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After dinner, Constantine tells Angela that God and Lucifer have a standing bet on who can collect the most souls. They use half-breeds as bookies, possessing or whispering to people to collect their markers.  Hennessy and Breeman tell Constantine to expect a call from Mammon, the son of the devil, who’s on his way to set up his kingdom on earth (“The sins of the father can only be exceeded by the sins of the son.”) with divine assistance, the help of God. And Angela. Constantine needs to sit down. Constantine and Chas break up a hospital ritual, where Mammon is doing a reading from Corinthians 21, which you won’t find in the King James Bible. In the Bible according to … well, the one in Hell, Corinthians goes to 21.  Chas blesses the plumbing to get holy water on tap. Constantine speaks fluent Hellspeak, but Chas is caught trying to pass and gets bounced. Constantine puts on Christian brass knuckles, which you can get at the Vatican gift shop (it is in Italy) and deports the demons for ruining a $400 shirt. The demons get veiny and bubble-faced and bugs come crawling out of their eyes. Constantine gives Balthazar his last rites and threatens to send him straight to heaven. Gabriel points out that it’s only in the face of horror that people find their noble selves, before blowing Constantine away. Lucifer (Peter Stormare) performs amateur surgery, picks up his son and leaves us with the question: Who’s gonna clean up this mess?

In the original comic book series from the 90s, Hellblazer, John Constantine was a magician who looked like Sting and talked like Ringo Starr (Ringo did play Merlin as a Dumbledore lookalike in Hammer Film’s unreleased Son of Dracula) and dabbled in esoteric dabblings in Swinging London. After seeing how Reeves could mangle a British accent in Bram Stoker’s Dracula, screenwriters Kevin Brodbin and Frank Capello set the movie in Los Angeles. Reeves overdramatically pulls every word out of the pits of his diseased lungs. His scenes with Balthazar sound like one of those deep voice face-offs on 30 Rock between Devon Banks and Jack Donaghy. When Bertolucci used the empty slate that is Keanu Reeves to portray a Zen nihilist devoid of all things conscious, he found the perfect blank palette. Here we also get a Keanu devoid of consciousness, so trapped by the flashbacks that he sometimes looks like he doesn’t recognize the present, or the sets.  Rachel Weisz gives a multilayered performance as both the dead sister and the cop leading a double life.  Her spiritual rebirth is so labored that she repaired to her garden for her next movie. Tilda Swinton gives Gabriel a morally ambiguous glam rock ambiance. Gabriel’s clipped wings are painful to look at. Djimon Hounsou’s Papa Midnight keeps the balance. You don’t want to upset the balance in his house. Peter Stormare has his fun as Lucifer, but the devil is always fun to play if you don’t have to wear pounds of makeup.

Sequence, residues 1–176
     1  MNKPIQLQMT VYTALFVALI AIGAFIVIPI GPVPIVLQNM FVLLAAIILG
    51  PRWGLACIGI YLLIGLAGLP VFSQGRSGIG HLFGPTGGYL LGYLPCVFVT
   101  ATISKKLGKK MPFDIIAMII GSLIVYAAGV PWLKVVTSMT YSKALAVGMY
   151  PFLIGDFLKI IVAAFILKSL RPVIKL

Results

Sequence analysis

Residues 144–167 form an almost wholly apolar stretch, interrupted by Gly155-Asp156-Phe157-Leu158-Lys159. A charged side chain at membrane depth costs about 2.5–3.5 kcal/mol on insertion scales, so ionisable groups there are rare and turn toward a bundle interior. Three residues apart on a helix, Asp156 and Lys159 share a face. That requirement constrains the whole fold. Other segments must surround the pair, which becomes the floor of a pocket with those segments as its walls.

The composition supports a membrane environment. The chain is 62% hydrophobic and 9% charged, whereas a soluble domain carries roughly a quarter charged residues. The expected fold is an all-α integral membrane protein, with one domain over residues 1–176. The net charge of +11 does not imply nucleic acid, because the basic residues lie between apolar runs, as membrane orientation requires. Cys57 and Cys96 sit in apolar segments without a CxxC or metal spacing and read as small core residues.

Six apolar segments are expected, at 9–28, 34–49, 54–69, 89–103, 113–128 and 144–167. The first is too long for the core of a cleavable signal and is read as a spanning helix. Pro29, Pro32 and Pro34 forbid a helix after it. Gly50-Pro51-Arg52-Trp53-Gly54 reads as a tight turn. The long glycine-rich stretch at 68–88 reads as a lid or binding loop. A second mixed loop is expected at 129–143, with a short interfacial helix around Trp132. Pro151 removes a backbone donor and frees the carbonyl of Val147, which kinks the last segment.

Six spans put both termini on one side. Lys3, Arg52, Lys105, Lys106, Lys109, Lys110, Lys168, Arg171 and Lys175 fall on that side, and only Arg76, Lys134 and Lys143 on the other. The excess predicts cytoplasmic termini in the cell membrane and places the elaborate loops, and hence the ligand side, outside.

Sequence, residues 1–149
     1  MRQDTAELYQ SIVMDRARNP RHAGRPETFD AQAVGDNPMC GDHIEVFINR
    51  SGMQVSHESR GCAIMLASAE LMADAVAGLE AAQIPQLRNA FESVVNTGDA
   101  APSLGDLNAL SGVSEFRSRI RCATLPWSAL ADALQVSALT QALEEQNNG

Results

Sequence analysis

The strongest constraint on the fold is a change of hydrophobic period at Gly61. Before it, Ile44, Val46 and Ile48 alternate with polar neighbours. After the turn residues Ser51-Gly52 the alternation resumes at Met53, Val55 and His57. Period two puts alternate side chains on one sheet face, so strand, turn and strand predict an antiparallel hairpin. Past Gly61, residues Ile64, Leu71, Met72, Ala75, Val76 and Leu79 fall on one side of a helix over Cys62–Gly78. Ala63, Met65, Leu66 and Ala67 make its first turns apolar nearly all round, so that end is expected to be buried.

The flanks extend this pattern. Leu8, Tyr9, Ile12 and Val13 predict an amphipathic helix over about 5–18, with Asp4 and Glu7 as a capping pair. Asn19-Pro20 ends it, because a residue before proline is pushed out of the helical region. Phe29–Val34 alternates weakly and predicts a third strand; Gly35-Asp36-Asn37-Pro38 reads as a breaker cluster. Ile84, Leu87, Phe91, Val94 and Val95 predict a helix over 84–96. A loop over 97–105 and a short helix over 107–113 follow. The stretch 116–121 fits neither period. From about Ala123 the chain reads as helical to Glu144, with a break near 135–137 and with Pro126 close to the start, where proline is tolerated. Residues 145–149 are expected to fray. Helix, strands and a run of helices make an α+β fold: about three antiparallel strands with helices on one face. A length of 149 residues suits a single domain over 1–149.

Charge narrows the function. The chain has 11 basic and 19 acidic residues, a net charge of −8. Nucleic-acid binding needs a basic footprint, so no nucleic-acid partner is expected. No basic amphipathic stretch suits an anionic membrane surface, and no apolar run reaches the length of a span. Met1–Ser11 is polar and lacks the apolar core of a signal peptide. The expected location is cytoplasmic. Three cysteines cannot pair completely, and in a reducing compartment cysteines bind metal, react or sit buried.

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Constantine was the first movie directed by music video director Francis Lawrence, who’d go on to direct I Am Legend, and he creates the dreamscapes of hell and earth and hell on earth with all the grit and decay that digital recording has to offer. Lawrence strives to make a graphic-noir hybrid, but while he does get some graphic images, he only presents a false noir. Everything smells like sulfur, except Constantine, who lights his cigarettes with exaggerated flourish off his zippo. Constantine wants to shatter the mirror that reflects the image of an unseen war that is waging all around us, but it is too overloaded with clumsy theosophical interpretations of gloom and doom. The characters may have some good lines and there are good performances, but they are unbalanced by an overwrought darkness that tries too hard to enlighten. There is no joy in their creepy descent. Noir needs something to balance itself against; otherwise it’s just a dark screen in a dark room. Constantine gives the impression of somber shadows, but it’s too dingily distracting to leave a bleak impression.


Den of Geek Rating: 2 Out of 5 Stars



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2.5 out of 5